I suspect that lots of IPv6 hosts won't have reverse DNS
It's an article of faith that IPv4 hosts should mostly have valid reverse DNS and that good sysadmins (and people in general) should set this up for their hosts. While support for this is not exactly universal, it is reasonably common and many places have it. However, in light of my recent experiences with IPv6 I've come to believe that a significant number of IPv6 hosts will probably not have reverse DNS.
When I was thinking that IPv6 hosts would acquire addresses through DHCP(6), reverse DNS seemed as feasible for them as it does for IPv4 hosts that also use DHCP (although I had questions about what the names would be). It'd be somewhat more annoying to set up (because IPv6 PTR records are longer), but doable and even routine. But Android means that that's not really on, since Android (including Chromebooks) does not support DHCP6 at all; instead, hosts will acquire and use IPv6 SLAAC addresses, which means at least a couple of addresses per host, spread randomly and relatively unpredictably over your IPv6 PTR space. Worse, an increasing number of IPv6 hosts are likely to use temporary addresses for privacy reasons.
Given SLAAC and temporary addresses, it seems that the only particularly feasible reverse DNS for such IPv6 /64s is completely bland generic reverse DNS. At that point, why bother? The reverse DNS is serving almost no meaningful purpose apart from, well, having reverse DNS, and presumably you need special DNS servers that don't try to materialize all of those records in memory, just fill them in from a template when queried. (This has implications for your secondary DNS servers.)
(It's possible that some form of dynamic DNS could sort of fix this, but dynamic DNS is its own additional layer of complexity and I don't know if IPv6 hosts politely tell you what SLAAC IPv6 addresses they have decided to use so that you can add them to DNS on the fly.)
At this point, if someone at my ISP offered to delegate the necessary reverse DNS zone for my IPv6 /64 to me so that I could have proper reverse DNS for it, I would just laugh. Setting up and maintaining even entirely generic IPv6 reverse DNS would be too much of a hassle. I might someday have reverse DNS for a few static IPv6 addresses for things like my home Linux machine, but not for all of those SLAAC and temporary addresses from things on my home wireless network. And I doubt I'm going to be alone here.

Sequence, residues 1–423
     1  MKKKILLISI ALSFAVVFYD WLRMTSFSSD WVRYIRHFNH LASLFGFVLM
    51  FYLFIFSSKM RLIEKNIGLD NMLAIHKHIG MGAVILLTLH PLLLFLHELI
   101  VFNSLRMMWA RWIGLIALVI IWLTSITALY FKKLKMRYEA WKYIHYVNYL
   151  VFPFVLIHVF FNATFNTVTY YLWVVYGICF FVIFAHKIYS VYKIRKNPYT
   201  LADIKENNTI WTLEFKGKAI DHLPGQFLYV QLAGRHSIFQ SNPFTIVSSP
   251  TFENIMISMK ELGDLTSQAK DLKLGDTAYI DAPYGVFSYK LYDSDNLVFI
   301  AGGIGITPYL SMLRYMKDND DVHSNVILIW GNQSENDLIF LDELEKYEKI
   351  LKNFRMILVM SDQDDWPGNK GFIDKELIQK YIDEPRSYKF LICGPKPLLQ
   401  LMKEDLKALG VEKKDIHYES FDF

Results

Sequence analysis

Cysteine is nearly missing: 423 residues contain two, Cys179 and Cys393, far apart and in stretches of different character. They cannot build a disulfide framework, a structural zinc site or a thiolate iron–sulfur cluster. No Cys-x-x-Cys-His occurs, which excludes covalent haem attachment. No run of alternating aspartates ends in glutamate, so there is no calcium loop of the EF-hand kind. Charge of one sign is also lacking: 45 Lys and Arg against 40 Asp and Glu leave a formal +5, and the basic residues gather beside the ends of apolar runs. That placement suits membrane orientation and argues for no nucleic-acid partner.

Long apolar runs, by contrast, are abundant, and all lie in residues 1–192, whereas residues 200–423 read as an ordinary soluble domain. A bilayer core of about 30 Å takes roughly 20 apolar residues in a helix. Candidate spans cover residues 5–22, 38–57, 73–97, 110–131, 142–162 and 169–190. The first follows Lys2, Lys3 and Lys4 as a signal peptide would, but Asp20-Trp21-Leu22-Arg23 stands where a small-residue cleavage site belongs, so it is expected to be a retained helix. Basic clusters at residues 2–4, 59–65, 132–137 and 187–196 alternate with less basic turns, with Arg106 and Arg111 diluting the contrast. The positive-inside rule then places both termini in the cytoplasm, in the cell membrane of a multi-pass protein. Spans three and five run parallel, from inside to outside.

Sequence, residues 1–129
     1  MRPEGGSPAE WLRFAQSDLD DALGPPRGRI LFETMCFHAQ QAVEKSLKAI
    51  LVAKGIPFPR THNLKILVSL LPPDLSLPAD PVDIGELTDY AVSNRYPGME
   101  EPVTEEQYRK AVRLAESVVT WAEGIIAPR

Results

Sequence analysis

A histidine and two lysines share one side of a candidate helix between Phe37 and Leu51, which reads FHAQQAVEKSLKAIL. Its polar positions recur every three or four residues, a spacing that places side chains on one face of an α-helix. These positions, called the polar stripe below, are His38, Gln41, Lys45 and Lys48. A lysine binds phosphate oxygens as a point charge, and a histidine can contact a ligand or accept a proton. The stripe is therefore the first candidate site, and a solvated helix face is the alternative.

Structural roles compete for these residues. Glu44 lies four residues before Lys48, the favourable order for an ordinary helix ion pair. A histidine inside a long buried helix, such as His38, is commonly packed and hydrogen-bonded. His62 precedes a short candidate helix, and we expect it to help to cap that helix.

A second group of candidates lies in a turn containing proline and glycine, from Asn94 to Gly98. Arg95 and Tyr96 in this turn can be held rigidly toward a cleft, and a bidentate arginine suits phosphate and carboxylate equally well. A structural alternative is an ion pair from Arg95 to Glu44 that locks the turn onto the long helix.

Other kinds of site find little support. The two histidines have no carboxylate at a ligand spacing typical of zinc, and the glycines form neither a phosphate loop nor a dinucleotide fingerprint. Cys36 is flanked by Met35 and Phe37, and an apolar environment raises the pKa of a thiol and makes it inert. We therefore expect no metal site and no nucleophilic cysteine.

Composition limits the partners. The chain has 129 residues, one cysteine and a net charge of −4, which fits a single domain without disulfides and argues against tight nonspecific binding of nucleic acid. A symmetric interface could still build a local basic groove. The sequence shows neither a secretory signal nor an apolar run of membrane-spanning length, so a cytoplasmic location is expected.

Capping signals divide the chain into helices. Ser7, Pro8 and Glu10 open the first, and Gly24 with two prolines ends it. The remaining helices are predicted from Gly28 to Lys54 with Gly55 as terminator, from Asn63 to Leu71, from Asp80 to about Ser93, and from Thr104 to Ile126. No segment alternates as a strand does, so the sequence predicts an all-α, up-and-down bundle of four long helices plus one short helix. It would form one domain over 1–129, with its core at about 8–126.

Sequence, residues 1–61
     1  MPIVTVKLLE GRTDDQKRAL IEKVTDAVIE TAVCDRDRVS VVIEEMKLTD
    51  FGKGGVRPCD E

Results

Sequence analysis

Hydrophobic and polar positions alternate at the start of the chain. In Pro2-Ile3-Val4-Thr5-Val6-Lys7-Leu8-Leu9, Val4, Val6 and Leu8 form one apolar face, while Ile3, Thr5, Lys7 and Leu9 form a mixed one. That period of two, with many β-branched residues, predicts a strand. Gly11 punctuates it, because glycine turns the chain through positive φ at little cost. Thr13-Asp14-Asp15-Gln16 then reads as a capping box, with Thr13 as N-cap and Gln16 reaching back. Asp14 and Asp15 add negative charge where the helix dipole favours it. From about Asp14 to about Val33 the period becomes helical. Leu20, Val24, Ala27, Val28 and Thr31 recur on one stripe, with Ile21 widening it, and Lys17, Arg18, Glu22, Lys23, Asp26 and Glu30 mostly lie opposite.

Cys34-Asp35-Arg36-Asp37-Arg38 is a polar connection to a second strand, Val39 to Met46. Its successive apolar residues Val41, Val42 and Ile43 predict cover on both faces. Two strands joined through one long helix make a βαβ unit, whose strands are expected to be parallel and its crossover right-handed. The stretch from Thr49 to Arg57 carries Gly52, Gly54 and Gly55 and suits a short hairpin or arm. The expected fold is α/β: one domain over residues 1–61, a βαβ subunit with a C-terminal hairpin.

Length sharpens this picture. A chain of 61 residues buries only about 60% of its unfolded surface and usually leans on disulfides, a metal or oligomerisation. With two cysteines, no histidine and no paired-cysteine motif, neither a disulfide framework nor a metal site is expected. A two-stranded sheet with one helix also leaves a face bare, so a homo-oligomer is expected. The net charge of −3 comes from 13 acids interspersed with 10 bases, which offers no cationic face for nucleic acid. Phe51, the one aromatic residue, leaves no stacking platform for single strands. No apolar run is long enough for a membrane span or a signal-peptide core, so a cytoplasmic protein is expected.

(Possibly this is already obvious to anyone who has ever done much with IPv6. As you can tell, I'm just getting my feet wet here, mostly by throwing myself in the water when random new pieces of hardware show up instead of any systematic process of exploration and education.)
PS: In a real IPv6 deployment I'd still do reverse DNS for static IPv6 addresses. I think that this is useful internally, for the obvious reason that meaningful names are easier to recognize than addresses. If you're looking at internal logs, 'connection from <host X>' is obviously easier to follow and use than 'connection from <IPv6 address>', so it's worth some effort to get it.
Sidebar: Why generic reverse DNS is not very useful internally
The purpose of names is to give short, recognizable labels to things. Dynamically generated reverse DNS can sometimes do this, but generally only when it's relatively sparse and you can have names like 'dhcp0-NNN.red.sandbox' or 'unregistered-NNN.red.sandbox'. When you have to densely populate the reverse DNS namespace and generate names like '18.104.22.168.red.sandbox', the names are not really helping you very much.
All forms of SLAAC addresses are going to be relatively randomly distributed over your IPv6 /64; that's why you have to give SLAAC an entire /64. To make sure every randomly chosen, randomly distributed address has reverse DNS, you must densely populate the reverse DNS namespace, which means that you are not going to wind up with meaningful short labels. The label will just tell you what IPv6 address it has.
You can use generic reverse DNS for IPv6 addresses to tell you what network the IPv6 address is on. In this case the meaningful content of the name is actually the '.red.sandbox' part and you might as well have the hostname be as compact an encoding of the last /64 of the IPv6 address as possible.